Back in January, Kim Dotcom's leading file-sharing site Megaupload was shut down in an FBI-led conspiracy case complete with intrigue and an internationally orchestrated raid in New Zealand. The wildly popular site was torn down for abetting a vast web of piracy that pulled in $175 million from unlawful activities.
In the lead up to the crackdown, Kim Dotcom was reportedly at work on a more legally secure version of the site called Megabox, which never quite materialized amid the legal showdown and its aftermath. Despite facing a U.S. extradition hearing in March 2013, however, Reuters reports
that Dotcom will launch the successor to Megaupload, called Mega, in January 2013, with key changes to its architecture and a crucial shift of liability to its users.
Much of the U.S. case against Megaupload stemmed from the site using hosting companies based in the United States. Mega will avoid any ties to U.S. hosters, domains, and backbone providers in order to stave off prosecution this time around.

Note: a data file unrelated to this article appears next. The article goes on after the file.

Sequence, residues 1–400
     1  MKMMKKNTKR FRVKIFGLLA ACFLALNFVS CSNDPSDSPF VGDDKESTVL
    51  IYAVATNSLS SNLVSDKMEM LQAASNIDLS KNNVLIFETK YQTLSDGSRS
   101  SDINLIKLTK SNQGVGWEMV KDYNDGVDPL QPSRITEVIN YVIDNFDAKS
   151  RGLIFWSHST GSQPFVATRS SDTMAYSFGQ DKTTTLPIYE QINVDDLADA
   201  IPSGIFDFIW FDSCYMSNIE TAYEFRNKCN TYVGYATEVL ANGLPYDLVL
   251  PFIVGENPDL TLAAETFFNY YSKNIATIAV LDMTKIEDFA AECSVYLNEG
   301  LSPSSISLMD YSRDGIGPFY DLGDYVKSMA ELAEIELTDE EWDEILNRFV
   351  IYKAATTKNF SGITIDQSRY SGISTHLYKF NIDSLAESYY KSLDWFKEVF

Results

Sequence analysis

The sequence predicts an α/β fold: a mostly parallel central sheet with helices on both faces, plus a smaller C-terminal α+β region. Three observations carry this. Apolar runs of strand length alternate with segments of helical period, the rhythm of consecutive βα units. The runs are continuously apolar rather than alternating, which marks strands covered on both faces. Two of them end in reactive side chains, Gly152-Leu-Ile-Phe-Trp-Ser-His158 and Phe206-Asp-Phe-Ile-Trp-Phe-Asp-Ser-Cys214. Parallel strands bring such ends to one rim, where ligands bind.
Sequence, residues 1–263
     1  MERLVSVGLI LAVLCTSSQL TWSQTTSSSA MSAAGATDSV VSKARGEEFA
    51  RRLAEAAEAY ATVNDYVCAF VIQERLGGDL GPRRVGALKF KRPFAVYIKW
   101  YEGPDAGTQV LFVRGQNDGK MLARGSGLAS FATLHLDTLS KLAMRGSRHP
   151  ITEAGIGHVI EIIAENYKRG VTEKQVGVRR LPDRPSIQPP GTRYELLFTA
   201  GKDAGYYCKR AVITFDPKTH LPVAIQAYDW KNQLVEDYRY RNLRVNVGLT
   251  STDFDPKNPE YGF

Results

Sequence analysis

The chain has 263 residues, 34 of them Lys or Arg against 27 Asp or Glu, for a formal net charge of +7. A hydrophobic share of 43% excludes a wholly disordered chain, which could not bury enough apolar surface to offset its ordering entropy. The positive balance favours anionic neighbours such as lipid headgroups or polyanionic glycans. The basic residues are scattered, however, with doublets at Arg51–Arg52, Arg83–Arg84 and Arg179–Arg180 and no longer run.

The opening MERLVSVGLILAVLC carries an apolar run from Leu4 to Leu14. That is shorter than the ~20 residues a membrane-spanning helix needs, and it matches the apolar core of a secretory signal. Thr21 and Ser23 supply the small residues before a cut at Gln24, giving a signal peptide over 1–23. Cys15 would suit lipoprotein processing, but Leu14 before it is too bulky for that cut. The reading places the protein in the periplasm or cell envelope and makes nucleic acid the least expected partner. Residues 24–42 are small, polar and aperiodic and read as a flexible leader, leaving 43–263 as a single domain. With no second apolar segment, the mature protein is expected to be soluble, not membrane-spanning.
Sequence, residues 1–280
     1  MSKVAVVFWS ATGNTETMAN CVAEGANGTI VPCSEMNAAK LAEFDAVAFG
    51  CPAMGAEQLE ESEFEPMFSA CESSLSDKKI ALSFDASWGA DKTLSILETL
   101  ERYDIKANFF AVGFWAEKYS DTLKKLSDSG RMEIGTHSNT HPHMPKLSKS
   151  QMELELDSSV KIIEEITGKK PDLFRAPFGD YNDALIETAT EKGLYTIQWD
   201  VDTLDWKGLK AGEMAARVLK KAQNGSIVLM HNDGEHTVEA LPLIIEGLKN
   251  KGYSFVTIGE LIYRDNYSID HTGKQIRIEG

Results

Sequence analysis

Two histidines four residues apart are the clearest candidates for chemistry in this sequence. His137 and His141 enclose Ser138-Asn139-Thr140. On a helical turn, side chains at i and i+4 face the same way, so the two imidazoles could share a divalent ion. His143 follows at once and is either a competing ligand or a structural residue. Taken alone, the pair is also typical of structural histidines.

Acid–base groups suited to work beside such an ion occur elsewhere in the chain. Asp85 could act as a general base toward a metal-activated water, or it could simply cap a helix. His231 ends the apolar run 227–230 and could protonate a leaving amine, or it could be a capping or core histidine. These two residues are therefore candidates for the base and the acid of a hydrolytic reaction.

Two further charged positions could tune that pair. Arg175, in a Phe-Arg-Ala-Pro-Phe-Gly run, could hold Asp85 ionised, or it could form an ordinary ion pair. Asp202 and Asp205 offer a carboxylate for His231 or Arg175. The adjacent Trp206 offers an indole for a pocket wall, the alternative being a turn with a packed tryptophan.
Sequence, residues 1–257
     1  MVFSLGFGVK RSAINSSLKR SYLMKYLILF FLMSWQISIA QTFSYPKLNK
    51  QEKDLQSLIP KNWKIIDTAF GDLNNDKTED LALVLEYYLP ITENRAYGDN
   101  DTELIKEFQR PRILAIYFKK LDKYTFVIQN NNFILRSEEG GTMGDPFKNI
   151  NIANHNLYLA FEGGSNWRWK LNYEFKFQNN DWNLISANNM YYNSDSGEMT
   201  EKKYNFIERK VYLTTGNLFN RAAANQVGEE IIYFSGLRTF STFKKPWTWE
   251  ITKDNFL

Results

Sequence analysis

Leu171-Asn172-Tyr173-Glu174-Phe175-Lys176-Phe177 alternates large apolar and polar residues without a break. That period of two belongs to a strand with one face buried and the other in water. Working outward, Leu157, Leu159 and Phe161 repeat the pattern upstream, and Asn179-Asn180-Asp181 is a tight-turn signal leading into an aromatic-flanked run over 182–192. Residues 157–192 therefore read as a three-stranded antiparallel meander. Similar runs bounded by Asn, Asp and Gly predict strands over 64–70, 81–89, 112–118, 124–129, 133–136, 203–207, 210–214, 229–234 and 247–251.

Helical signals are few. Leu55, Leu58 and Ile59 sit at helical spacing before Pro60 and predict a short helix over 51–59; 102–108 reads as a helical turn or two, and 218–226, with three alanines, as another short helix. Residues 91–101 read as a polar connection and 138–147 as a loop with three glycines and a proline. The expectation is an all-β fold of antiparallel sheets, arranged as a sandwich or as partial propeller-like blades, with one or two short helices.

The bigger transformation will be Mega's construction as a cloud-based online storage site, giving users direct control and responsibility for personal files stored on the site. Users will now have direct access to their own files, while Mega operators will remain hands-off and immune to the consequences of illegally posted content.
Additionally, in exchange for assurance that Mega will not be held responsible for unlawful content, direct access will be granted to content owners to delete any infringing material.
Based on Mega's promotional preview, Dotcom is confident that the site will thrive and steer clear of prosecution from relentless U.S. authorities, as well as the grounds for such prosecution, by passing liability to the user. That will require a user base informed and smart enough not to be shocked when treating the site like Megaupload lands them personally before a judge.
Simply taking the United States out of the equation from the legal standpoint of Megaupload's demise may not shield the site from having to contend with increasing international cooperation. On the other hand, New Zealand's later determination that the raid, seizure, and state espionage of Dotcom were all unlawful could slow down the speed of future prosecution, in the event that new privileges for content owners prove insufficient to curb piracy.
What is certain is that, somehow, Kim Dotcom's splashy notoriety has a way of making dry, coin-driven legal matters pretty compelling.